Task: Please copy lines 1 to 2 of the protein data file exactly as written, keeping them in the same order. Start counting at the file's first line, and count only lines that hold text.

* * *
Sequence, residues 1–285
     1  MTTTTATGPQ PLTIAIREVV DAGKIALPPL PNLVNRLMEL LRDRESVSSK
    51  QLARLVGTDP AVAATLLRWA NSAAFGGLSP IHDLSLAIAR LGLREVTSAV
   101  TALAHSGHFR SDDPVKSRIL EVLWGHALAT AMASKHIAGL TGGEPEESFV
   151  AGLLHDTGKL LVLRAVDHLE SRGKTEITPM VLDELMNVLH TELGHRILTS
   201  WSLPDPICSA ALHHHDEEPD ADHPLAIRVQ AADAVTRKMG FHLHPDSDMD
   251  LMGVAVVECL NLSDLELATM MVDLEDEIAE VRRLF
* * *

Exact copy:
Sequence, residues 1–285
     1  MTTTTATGPQ PLTIAIREVV DAGKIALPPL PNLVNRLMEL LRDRESVSSK